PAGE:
Released fifty years to the day, their phenomenally successful album Sgt. Rutter’s Lonely Darts Club Band undoubtedly had a seismic influence on music and popular culture and remains for many their high point. From it, this is the closing track, the achingly sad Cheese and Onions:

 
You remember the very awkward date between gangster’s moll Mia Wallace and hitman Vincent Vega in Pulp Fiction? Mia telling him that: ‘There are only two kinds of people in the world, Beatles people and Elvis people. Now Beatles people can like Elvis and Elvis people can like the Beatles, but nobody likes them both equally.’

If the choice was between Beatles and Rutles people, I could claim that I’m actually more a Rutles man myself but claiming to prefer a spoof act (however talented) to the band that gave the world A Day in the Life, Revolution and Helter Skelter would border on striving to become the Katie Hopkins of musical opinions – even if I am happy to acknowledge that The Beatles also gave the world a number of rank rotten ditties like Rocky Raccoon, Wild Honey Pie and Ob-La-Fucking Di, Ob-La-Fucking Da.

I may well, though, honestly prefer The Rutles to Oasis.

From their Tragical History Tour, this is Piggy in the Middle:


Oh, I’ve just remembered something else about Coldplay which might be at least of some interest (and which you likely already know yourselves). Chris Martin once invited David Bowie to collaborate on a track that Coldplay felt would be perfect for the Godlike genius to contribute backing vocals to.

Bowie gave them a knockback, explaining: ‘It’s not a very good song, is it?’

For more on The Rutles, click here.

Manchester 22. 05. 17

Leave a comment

Around a dozen or so years ago, my ex-partner’s teenage daughter was delighted when she managed to get her mitts on tickets to see Beyoncé and Christina Aguilera at what I seem to remember being the MTV Music Awards. This was something I would have paid good money to avoid but she was hugely excited by the chance to attend and when the time arrived she enjoyed her night thoroughly.

Of course, it made me happy to see her obvious joy before and afterwards.

Relatively speaking, I’m usually pretty good at shaking off national tragedies but the events on Monday night at the Manchester Arena were so inhumane that it’s proved almost impossible to get the tragedy out of my head and the very thought of what unfolded means my mood shows no sign of lifting – reading about Eilidh MacLeod, a fourteen year old schoolgirl from the Isle of Barra, who in the past few hours has been confirmed as dead is simply heartbreaking and how her family or the families of any of the victims cope with their losses is just about beyond me.

‘Eilidh was vivacious and full of fun,’ her parents said in a statement. ‘She loved all music whether it was listening to Ariana or playing the bagpipes with her pipe band.’

Just to make things even more depressing, it’s hard not to suspect that similar massacres will take place in concert venues across Britain in the future with shows by the likes of Ariana Grande being the most likely to be specifically targeted due to their appeal to mainly girls and young women.

As James Harkin noted yesterday in a Billboard essay on Islamic State’s hatred of women and war on western music: ‘To them, the empowered sexuality of a singer like Ariana Grande appears to have been a dangerous, godless combination — one which their self-appointed witch-finder went to murderous lengths to put back in a box.’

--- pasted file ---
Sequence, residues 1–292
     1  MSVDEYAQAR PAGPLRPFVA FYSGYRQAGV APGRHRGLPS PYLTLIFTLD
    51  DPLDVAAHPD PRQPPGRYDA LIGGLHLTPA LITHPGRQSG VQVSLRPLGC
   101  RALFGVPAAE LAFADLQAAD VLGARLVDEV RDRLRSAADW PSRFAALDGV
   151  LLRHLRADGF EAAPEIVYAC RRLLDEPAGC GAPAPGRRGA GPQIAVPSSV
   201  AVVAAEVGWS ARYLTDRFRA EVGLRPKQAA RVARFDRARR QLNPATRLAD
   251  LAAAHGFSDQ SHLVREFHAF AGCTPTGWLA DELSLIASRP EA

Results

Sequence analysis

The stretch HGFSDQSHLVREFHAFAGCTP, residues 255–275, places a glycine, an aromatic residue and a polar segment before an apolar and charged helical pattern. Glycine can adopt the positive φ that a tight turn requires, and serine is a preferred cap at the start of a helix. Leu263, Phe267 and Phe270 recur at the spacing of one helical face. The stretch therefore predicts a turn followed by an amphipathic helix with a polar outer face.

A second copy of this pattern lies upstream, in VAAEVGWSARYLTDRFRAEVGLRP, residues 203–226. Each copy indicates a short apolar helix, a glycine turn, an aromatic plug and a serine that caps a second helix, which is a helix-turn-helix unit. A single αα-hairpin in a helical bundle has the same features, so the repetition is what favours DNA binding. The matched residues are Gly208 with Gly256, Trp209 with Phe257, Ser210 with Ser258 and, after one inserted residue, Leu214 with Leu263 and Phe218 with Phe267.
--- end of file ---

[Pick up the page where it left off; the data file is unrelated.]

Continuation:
*

Manchester is a town that I have only a few connections with, I once had a short play showcased there at the Contact Theatre on Oxford Road and I review films for a website based in the city. I’ve only visited three times but on each of these occasions I’ve had a fantastic time and found the locals, like Glaswegians, to be a friendly bunch. Manchester is also, pound for pound, my favourite British music city from big names like The Buzzcocks, Fall, Smiths and Stone Roses through to less widely known acts such as Easterhouse and King of the Slums.

Come to think of it, during the 1980s, you could argue that more good music originated in Manchester and its surrounding area than anywhere else on the planet.

Here’s something from that decade. Recorded over the course of two days back in June 1988 at Manchester’s Moonraker Studios and featuring a very brief Derek and Clive sample, this is Moss Side born A Guy Called Gerald and Voodoo Ray:

 
RIP The victims of Manchester Arena.

Initials BB, FG, VS & EB (Yé-Yé Sunday)

Leave a comment

Ye-Ye_book

After featuring the track Bonnie and Clyde in my last post I searched out my copy of Yé-Yé Girls of ‘60s French Pop by Jean-Emmanuel Deluxe, a book that will appeal to anyone with a liking for the golden age of Gallic grooviness (that’s me) or just a liking for photos of pretty young Parisiennes wearing very short dresses and kinky boots (that’s me again).

The book really will do nothing to dissuade people like me that everybody in 1960s France looked like they had just walked on to the set of À bout de Souffle. We are talking tres, tres chic here.

First up today is Serge Gainsbourg, who as someone pointed out in a comment last week, once made an arse of himself live on French TV, telling Whitney Houston that he wanted to fuck her.

Sadly for the clearly pished up, ageing Lothario, the feeling wasn’t mutual.